N.C. Department of Correction--Correction News--July 1997


By Teresa Cummings

Lillington -For a teacher, the greatest compliment in the world is to be respected by his students and to know that they appreciate the positive impact he’s made in their lives. Such is the case with Homer Tuttle, a veteran teacher at Harnett Correctional Institution.

"He has been like a father to me," said Lonnie McNeill, an inmate at Harnett. "He teaches me how to do things and encourages me to do my best. When I finish a job, he tells me that I did good. I never had anyone to tell me I could do anything good. He’ll make me do things over and over again until I get it the way it should be," McNeill said with a laugh, "but Tuttle is alright."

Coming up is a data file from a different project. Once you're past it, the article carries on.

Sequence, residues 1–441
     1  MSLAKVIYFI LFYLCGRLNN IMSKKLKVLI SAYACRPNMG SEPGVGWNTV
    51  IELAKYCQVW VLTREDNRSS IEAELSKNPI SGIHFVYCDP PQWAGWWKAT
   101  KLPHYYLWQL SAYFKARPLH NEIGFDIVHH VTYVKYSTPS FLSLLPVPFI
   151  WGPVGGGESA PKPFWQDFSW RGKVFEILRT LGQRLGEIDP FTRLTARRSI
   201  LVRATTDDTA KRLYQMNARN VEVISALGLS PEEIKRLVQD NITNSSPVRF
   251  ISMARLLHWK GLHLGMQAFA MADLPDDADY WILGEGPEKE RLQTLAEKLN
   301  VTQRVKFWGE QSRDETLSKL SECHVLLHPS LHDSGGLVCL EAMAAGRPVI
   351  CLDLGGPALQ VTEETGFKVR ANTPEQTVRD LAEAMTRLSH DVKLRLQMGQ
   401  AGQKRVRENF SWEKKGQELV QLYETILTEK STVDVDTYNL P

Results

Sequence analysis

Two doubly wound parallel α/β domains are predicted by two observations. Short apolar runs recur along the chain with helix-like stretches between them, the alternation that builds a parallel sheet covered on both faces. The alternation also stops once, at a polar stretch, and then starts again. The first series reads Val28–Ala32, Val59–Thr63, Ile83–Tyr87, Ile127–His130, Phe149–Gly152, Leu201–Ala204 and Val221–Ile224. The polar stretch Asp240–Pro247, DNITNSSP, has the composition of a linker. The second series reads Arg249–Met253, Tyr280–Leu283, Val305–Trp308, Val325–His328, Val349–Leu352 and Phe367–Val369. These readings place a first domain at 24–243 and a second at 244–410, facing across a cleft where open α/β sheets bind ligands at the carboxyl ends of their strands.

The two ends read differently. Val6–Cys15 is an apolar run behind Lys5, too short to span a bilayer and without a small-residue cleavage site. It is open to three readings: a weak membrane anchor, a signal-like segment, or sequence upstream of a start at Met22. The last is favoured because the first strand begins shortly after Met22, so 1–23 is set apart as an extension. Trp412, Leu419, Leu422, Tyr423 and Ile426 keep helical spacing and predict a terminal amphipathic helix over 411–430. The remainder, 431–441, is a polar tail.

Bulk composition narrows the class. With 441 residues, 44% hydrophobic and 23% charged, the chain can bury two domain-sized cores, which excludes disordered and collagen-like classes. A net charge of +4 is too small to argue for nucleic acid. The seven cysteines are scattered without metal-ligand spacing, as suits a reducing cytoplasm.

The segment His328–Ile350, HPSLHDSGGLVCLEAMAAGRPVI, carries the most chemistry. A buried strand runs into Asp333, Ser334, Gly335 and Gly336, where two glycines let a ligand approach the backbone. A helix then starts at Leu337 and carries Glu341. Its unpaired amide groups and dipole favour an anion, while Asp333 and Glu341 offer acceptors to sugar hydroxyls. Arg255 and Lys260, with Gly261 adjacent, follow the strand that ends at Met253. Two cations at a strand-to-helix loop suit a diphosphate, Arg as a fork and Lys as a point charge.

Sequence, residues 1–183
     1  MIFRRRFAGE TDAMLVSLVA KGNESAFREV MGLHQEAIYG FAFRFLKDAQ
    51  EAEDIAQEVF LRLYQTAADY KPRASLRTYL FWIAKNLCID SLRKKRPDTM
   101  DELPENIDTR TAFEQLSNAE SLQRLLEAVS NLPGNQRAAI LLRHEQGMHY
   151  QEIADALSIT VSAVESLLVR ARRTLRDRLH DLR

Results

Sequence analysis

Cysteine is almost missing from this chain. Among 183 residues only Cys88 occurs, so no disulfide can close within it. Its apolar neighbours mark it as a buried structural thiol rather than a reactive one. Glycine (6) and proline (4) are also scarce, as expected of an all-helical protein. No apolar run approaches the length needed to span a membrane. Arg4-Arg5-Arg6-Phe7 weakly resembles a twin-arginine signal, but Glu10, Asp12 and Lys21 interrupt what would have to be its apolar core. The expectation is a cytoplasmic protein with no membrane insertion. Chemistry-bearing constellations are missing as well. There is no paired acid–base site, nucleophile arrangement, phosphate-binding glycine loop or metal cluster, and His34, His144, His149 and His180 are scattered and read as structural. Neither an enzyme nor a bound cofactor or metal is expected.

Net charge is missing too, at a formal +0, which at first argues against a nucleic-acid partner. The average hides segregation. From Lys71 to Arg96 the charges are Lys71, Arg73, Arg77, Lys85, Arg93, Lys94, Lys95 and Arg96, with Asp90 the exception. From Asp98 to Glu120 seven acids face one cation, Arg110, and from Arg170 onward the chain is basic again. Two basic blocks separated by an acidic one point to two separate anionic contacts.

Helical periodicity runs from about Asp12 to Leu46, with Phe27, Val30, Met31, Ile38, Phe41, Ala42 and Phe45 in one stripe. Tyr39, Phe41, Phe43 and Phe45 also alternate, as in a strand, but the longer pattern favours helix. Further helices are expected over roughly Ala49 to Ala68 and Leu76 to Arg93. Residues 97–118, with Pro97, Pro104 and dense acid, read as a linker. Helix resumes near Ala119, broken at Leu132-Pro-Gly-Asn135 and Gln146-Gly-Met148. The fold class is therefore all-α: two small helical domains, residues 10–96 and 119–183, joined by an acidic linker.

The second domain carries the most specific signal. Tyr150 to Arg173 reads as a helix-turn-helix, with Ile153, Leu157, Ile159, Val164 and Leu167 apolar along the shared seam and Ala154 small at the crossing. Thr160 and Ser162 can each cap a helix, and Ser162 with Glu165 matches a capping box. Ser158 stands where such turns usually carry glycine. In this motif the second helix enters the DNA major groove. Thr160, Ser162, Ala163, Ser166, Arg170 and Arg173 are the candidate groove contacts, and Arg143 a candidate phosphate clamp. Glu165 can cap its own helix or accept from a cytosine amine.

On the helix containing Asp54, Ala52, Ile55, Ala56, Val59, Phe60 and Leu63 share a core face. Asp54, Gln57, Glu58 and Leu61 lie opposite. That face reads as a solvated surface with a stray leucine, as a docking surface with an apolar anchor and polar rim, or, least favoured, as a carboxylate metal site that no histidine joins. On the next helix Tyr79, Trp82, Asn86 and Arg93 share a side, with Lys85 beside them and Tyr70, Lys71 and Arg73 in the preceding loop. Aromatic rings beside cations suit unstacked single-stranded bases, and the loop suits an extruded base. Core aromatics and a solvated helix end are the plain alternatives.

What Tuttle has accomplished is remarkable.

"I try to teach my students a skill and at the same time give them some dignity," Tuttle said. "These fellows have all made mistakes but my job is to account for their behavior after they enter my classroom, not before."

In Tuttle’s facility maintenance class, students learn more than just carpentry. They learn self-respect, responsibility, and honesty. Teaching within the walls of a prison often means that teachers such as Tuttle do not receive the recognition they deserve. Their job is challenging and difficult and requires tremendous commitment.

When McNeill was first assigned to Tuttle’s class, Tuttle quickly recognized McNeill’s talents and began nurturing them. McNeill recently completed his first air brush drawing. The drawing was requested by the Criminal Justice Partnership Program and will be used at conferences and workshops throughout the state.

NC DOC Correction News- July 1997
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